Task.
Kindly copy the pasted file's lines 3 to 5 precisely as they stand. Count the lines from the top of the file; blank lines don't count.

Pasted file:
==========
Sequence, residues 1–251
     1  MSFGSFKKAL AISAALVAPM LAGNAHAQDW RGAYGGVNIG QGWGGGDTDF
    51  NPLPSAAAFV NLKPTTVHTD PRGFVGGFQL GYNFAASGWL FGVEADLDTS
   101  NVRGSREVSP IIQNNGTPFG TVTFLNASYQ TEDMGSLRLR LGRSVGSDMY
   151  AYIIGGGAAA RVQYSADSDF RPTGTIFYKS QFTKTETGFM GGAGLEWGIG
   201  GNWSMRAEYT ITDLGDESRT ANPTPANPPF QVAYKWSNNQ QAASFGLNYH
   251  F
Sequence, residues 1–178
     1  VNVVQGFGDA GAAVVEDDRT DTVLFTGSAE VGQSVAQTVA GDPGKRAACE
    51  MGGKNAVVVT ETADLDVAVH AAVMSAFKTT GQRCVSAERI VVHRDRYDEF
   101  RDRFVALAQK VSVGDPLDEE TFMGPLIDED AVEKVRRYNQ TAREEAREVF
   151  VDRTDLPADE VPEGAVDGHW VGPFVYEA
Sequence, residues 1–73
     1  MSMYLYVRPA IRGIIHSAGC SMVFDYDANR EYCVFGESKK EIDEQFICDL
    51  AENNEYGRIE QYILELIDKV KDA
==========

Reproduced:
    51  NPLPSAAAFV NLKPTTVHTD PRGFVGGFQL GYNFAASGWL FGVEADLDTS
   101  NVRGSREVSP IIQNNGTPFG TVTFLNASYQ TEDMGSLRLR LGRSVGSDMY
   151  AYIIGGGAAA RVQYSADSDF RPTGTIFYKS QFTKTETGFM GGAGLEWGIG